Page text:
bills to go up
TULSA — Customers of Public Service Co. of Oklahoma will pay higher bills beginning in May after the electric utility said its cost of fuel had increased.
PSO said residential customers using 1,000 kilowatt-hours per month would see their bills go up by $5.68, an increase of 6 percent.
The utility said a spike in natural gas prices from colder winter weather led to the higher fuel costs. Fuel costs for utilities are passed along to customers. PSO said it had $27 million in under-recovered fuel expenses.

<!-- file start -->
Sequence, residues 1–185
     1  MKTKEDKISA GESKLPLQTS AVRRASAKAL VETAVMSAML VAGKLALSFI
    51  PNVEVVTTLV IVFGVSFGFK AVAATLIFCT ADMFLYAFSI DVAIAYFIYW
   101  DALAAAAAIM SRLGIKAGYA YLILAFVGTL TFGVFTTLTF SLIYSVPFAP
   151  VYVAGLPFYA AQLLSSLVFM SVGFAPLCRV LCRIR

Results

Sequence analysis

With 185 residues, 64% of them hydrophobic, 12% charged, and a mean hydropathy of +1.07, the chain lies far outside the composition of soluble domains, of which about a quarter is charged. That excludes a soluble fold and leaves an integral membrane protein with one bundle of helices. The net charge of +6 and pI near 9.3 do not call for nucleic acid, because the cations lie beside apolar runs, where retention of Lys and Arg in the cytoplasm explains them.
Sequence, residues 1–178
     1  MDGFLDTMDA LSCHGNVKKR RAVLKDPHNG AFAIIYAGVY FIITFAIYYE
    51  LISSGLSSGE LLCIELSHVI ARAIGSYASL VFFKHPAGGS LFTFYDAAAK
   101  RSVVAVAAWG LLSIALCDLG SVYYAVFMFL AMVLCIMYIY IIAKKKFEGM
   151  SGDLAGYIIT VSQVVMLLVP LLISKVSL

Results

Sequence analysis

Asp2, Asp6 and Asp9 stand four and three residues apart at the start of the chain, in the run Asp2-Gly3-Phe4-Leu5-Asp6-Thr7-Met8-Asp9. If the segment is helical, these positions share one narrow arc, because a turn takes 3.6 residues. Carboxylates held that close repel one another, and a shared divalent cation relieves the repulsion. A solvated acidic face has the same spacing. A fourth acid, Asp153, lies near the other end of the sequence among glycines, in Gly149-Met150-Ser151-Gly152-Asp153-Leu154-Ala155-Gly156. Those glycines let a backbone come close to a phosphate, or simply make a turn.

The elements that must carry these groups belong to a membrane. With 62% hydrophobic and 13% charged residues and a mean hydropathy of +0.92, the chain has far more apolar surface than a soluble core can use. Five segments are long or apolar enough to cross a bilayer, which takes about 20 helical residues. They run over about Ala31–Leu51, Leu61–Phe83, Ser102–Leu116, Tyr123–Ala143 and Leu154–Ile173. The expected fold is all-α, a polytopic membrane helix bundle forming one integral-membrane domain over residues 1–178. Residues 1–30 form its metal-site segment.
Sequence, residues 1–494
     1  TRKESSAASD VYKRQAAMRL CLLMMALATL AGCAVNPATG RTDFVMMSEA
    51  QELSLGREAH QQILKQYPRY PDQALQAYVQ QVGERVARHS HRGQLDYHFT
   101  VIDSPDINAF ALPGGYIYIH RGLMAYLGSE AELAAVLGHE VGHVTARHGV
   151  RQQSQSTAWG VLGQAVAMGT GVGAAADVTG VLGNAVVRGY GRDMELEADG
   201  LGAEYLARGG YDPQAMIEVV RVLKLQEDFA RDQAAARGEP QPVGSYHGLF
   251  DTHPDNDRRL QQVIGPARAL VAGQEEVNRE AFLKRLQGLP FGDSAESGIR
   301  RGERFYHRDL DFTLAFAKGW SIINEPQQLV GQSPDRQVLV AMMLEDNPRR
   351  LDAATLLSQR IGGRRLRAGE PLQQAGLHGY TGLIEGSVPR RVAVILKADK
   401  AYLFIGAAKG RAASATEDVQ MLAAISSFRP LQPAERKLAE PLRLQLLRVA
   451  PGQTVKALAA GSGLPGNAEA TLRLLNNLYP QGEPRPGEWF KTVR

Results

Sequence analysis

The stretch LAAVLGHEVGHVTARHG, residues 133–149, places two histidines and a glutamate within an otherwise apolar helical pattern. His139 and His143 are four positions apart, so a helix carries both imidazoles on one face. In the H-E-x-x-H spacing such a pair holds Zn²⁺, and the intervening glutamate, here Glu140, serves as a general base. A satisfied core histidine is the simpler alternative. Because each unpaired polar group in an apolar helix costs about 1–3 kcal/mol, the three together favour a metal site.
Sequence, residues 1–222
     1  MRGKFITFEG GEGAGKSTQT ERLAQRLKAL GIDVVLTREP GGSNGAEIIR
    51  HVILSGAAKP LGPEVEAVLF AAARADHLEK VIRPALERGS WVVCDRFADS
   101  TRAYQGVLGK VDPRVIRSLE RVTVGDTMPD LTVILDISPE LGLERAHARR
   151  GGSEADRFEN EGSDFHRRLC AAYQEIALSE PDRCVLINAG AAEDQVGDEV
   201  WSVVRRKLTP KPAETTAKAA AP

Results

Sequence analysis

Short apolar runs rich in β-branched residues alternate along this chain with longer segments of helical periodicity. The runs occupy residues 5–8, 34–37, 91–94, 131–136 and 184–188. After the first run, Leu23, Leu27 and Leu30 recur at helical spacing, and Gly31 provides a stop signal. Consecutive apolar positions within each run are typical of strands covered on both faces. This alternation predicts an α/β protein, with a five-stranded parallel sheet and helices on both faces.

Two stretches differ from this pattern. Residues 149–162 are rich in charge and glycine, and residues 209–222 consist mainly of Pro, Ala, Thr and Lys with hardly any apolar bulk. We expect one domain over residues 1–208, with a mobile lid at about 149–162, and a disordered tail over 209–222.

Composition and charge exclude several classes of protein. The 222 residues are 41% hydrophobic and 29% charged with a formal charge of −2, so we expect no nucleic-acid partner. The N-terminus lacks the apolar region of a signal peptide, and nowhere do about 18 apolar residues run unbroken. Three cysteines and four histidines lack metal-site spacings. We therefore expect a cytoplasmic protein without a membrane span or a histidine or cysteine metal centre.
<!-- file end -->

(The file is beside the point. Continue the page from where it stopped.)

PSO said it extended the recovery period to 12 months instead of the usual six months to soften the effect of the increase on customers. The utility plans to review its fuel costs again in November.
“PSO understands that higher natural gas prices adversely impact customers in many ways, including their electric bill, which is why we’re extending the recovery period to reduce the impact on customers,” said Bobby Mouser, PSO’s director of customer services and marketing.
Fuel-cost adjustments by utilities are administrative filings that don’t need the approval of the Oklahoma Corporation Commission. The adjustments are audited by the commission’s public utility division to make sure utilities don’t make a profit on fuel costs.
PSO has about 540,000 electric customers in eastern and southwestern Oklahoma.